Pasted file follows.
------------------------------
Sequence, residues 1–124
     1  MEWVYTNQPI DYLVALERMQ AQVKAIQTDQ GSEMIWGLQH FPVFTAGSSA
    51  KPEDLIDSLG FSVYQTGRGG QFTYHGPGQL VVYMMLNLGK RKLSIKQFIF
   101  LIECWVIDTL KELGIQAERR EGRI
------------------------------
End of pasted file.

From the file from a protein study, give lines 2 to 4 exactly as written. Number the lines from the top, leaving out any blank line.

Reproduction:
     1  MEWVYTNQPI DYLVALERMQ AQVKAIQTDQ GSEMIWGLQH FPVFTAGSSA
    51  KPEDLIDSLG FSVYQTGRGG QFTYHGPGQL VVYMMLNLGK RKLSIKQFIF
   101  LIECWVIDTL KELGIQAERR EGRI